In the Graphic Design program at Pickens Technical College, you’re learning not only what it takes to design killer graphics for business or art purposes, but you’re also learning a bit of website design, illustration, and print layout. That means when you’re done with Pickens, you’ll be able to take on a wide variety of projects, including those that don’t necessarily directly relate to the concepts you’ve learned in class. When you start your new job as a graphic designer, you should ‘lean in’ to projects that stretch your abilities and test your patience. Why? Not only does it build character (that’s my father talking), it makes you a valuable asset to present and future employers.
Taking on extra responsibility is never easy nor stress-free. You’ll feel likely to fail, and you’ll envision yourself being a fool in front of all your new co-workers. Obviously, every work environment is different, and if you think there’s a real risk in stretching your abilities or you feel overwhelmed with the work you’re explicitly asked to do, there’s little incentive for you to find new tasks. In most work environments, however, managers are looking for leaders, for people who will take risks and strive to make themselves more valuable to the company and improve the business. That can be you.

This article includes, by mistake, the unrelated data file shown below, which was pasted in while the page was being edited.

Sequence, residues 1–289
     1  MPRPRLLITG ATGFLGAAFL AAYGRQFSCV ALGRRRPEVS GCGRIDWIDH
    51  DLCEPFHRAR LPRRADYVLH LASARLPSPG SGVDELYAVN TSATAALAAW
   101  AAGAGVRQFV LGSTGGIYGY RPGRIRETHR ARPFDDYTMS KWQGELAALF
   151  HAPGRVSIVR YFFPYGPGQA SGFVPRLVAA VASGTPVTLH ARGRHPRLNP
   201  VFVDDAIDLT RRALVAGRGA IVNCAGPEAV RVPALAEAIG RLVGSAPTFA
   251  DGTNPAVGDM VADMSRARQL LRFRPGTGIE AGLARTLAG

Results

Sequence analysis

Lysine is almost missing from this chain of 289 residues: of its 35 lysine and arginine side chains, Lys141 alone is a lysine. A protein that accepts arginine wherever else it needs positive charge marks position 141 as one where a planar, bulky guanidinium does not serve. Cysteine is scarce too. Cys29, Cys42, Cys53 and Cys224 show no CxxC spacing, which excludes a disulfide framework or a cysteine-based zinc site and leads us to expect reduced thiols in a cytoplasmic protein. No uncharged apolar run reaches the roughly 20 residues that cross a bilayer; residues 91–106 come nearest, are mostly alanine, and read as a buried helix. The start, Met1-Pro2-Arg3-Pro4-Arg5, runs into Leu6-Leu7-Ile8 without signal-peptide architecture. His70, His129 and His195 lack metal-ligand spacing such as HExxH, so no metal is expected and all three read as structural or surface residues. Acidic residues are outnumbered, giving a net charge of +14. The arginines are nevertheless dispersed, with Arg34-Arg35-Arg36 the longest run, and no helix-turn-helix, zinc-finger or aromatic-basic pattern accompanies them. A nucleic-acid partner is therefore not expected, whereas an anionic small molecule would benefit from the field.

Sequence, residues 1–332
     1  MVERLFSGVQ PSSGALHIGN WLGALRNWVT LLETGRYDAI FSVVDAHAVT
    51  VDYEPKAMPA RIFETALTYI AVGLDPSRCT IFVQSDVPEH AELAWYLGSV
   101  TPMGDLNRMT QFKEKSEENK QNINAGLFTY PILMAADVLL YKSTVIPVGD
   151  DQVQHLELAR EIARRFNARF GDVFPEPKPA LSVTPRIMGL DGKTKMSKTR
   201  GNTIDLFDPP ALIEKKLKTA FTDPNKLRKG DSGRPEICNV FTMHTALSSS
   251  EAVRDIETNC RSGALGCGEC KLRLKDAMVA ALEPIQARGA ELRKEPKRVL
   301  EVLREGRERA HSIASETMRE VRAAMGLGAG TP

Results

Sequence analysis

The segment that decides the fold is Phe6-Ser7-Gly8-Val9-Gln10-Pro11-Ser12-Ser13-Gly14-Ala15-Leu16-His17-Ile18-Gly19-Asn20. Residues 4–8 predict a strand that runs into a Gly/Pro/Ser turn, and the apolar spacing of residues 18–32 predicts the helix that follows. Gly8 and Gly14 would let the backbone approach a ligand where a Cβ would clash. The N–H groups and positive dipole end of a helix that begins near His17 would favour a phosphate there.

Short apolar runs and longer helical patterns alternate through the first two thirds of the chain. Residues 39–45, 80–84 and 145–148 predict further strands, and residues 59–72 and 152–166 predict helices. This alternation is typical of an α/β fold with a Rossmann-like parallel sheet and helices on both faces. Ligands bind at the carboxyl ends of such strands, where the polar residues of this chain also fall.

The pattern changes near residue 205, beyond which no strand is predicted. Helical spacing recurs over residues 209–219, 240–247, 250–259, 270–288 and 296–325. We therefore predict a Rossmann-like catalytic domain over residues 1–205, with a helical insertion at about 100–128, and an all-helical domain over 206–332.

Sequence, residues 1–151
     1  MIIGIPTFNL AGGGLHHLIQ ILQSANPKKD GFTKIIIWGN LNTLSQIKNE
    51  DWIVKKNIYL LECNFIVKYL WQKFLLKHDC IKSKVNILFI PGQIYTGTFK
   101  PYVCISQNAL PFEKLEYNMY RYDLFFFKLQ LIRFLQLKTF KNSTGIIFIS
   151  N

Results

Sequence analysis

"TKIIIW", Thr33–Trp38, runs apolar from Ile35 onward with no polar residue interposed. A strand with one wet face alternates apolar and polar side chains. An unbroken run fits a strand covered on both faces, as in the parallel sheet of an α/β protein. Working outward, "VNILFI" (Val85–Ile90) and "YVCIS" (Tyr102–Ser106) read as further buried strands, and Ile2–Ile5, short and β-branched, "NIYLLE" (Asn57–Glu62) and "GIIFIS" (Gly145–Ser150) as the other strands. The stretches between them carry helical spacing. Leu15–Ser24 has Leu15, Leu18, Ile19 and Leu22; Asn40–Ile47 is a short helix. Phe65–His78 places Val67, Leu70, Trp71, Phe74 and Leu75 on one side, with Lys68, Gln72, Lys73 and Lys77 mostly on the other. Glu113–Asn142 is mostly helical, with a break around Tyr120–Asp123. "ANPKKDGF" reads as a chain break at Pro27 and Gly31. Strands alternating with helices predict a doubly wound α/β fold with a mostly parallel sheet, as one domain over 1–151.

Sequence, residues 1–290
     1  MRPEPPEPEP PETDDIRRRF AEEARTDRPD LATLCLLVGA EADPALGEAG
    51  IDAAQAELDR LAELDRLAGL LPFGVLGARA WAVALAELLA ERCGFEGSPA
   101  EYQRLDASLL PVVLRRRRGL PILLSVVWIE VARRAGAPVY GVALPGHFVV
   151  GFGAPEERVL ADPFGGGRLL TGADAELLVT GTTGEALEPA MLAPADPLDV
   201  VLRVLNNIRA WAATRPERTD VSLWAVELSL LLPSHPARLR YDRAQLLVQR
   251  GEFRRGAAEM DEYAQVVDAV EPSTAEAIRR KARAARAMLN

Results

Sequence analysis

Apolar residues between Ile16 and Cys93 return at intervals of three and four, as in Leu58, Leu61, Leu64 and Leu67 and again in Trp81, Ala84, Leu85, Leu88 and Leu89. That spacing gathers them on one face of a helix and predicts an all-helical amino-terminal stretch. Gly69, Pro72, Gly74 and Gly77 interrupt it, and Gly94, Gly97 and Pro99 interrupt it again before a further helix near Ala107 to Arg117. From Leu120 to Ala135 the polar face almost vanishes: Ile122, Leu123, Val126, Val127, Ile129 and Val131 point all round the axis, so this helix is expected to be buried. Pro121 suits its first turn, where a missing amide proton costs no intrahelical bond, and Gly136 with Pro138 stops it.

You’re Stronger Than You Think
After your time at Pickens, you’ll be ready to handle more tasks than you think. A former editor of a college newspaper at Kansas State University, Kyle Hampel, wrote in his farewell article before he graduated that his experience working in seven different capacities for the paper made him more well-rounded and ready to start chipping away at his likely-massive student loan balance.
Hampel is an English major, and his duties for the college paper included writing jobs like producing news reports and opinion columns. But he was also involved at one point in the design of the newspaper—the paper’s layout and online design. Hampel writes in his farewell article that he, despite his experience as a page designer and eventual rise to design chief, won’t be working as a graphic designer, but he says the skills he built by taking on extra responsibility he wasn’t sure he was ready for have taught him a valuable lesson: “If you’re good at something, find a way to use your skills (and maybe get paid for it, too).” He wouldn’t have known he had those skills if he didn’t try to design a page.
In addition to the skills you’re developing in Pickens’ Graphic Design class, you’ll likely have the opportunity to build other competencies elsewhere. Don’t hesitate to stretch your skills to other areas. Before long, you’ll have built up a set of secondary skills that inform and improve your main graphic design talent. Employers will be lining up to hire a multi-talented graphic designer who’s not afraid to take on additional tasks and test their competency.